I see zero evidence for this !    And if it is true, then he is even crueler than we all thought !

Recently, an internal document I authored was leaked to a public website. Almost immediately, a couple of web-based publications (owned by large, reputable media companies) reported on it. Over the next few days, articles ran in at least ten other publications, online and off, about the document. Those included the websites of major news networks and, yes, a blog on My name, phone number, and e-mail address were in the original document and remained in the leaked version. Of all of those articles, all those news outlets with their own procedures and fact-checking, how many called or mailed to verify whether the document was authentic, to seek further background, or to vet their interpretation of what it said against the original intent of what it was meant to say? Exactly none. Everybody was rewriting the article where they discovered the document's existence, like a whopping great game of telephone. It is probably no surprise to journalism professionals familiar with Poynter and Romenesko, but journalism today has become rewriting. That's what BuzzFeed does; that's what aggregators like the Gawker family of sites do; and now, evidently, that is what major news outlets do. Original reporting takes too much time and resources, perhaps. But as this practice proliferates, the line delineating plagiarism gets thinner and thinner. "Honey, get me rewrite!" used to be a great journalism movie cliche. Now it's a job description.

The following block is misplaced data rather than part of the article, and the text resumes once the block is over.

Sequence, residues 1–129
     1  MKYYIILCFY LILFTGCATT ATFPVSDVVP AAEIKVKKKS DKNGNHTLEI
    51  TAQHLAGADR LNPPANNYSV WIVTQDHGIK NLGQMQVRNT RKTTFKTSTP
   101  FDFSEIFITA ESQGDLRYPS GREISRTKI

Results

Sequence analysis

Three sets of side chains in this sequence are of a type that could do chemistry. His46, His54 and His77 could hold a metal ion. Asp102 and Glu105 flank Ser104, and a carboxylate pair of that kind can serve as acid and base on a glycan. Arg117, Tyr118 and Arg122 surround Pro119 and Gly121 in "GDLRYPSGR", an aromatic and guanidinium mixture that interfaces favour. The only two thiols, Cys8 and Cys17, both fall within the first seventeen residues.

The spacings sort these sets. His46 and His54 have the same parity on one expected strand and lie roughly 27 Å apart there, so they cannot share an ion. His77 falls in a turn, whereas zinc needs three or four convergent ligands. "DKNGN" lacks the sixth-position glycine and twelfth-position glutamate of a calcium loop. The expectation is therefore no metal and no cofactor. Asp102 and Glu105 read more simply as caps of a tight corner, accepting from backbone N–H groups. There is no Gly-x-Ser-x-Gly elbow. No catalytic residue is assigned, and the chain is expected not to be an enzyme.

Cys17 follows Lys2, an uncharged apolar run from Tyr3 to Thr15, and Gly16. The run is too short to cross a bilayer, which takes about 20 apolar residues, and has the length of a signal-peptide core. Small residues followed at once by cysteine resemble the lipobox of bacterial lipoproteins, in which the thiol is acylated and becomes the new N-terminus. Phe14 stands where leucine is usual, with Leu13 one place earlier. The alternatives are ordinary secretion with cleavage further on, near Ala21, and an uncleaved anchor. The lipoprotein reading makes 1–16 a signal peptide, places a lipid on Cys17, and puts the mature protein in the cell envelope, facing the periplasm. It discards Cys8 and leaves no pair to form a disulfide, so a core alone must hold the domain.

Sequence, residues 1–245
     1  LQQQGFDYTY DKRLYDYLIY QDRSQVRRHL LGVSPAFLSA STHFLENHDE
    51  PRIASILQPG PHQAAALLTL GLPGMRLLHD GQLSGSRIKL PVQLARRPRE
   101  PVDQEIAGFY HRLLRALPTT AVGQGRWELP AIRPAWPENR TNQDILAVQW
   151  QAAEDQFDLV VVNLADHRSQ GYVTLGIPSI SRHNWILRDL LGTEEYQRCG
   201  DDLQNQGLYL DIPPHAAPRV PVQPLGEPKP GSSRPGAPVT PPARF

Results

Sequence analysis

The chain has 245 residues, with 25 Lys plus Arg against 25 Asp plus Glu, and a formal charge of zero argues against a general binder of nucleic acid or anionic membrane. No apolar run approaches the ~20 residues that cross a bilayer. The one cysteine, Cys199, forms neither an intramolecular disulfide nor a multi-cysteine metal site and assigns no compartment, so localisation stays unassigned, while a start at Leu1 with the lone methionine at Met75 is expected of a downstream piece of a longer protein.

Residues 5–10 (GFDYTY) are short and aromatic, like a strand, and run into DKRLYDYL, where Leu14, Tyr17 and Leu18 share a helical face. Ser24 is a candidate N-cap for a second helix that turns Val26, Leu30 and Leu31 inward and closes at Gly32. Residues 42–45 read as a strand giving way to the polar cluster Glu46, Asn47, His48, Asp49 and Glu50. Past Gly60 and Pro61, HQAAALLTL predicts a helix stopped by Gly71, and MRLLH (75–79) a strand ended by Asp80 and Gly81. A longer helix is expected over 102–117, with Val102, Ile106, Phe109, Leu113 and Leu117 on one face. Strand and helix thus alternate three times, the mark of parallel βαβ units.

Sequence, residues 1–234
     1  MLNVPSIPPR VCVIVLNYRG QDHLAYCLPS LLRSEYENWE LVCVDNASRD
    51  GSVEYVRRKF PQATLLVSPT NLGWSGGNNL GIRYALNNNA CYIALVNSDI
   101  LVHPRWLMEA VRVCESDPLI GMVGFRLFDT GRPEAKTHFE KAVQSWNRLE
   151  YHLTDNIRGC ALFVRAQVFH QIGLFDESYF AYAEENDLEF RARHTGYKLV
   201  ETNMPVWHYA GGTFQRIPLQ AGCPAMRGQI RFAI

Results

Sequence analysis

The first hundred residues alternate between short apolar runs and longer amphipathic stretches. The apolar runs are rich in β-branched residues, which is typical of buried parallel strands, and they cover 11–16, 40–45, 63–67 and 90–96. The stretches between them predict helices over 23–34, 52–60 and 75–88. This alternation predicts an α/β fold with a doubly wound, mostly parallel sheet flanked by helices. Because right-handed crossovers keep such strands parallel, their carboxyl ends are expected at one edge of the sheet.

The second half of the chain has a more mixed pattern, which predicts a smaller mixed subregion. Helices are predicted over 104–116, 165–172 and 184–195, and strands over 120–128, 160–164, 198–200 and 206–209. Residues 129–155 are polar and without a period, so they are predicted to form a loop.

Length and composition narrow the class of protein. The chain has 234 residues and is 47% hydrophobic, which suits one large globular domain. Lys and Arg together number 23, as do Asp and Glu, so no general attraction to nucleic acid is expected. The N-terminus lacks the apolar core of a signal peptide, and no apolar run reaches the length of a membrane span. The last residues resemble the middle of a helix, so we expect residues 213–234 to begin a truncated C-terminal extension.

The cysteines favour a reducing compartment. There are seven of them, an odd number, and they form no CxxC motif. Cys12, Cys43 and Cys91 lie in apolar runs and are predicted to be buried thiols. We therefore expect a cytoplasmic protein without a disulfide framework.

In case you missed it, I tweeted at both @blippoblappo or @crushingbort in an attempt to solicit a response and see if I could start up an intelligent debate between these self-appointed Plagiarism Policemen and yourself. Alas, this was the response: Tweeted by @crushingbort and favorited by @blippoblappo: '"no offense, but I stopped at the sentence containing both "Malcolm Gladwell" and "excellent book"' Sigh... I guess I was naive to expect anything else?



Well, thanks for that poll. I needed another reminder that, as a single 46 year old straight woman, the odds of my ever finding a pleasant, intelligent, kind straight male partner somewhere in my age range are doomed. I forgot from an hour ago.

That was the main reason I hesitated doing this poll.

So a few weeks ago I asked my wife the two profound questions that were first posed on June 1, 1967. She responded in the negative to both. Sadly, I now seem to have no apparent useful purpose in life. Not to mention the fact that I'm hungry.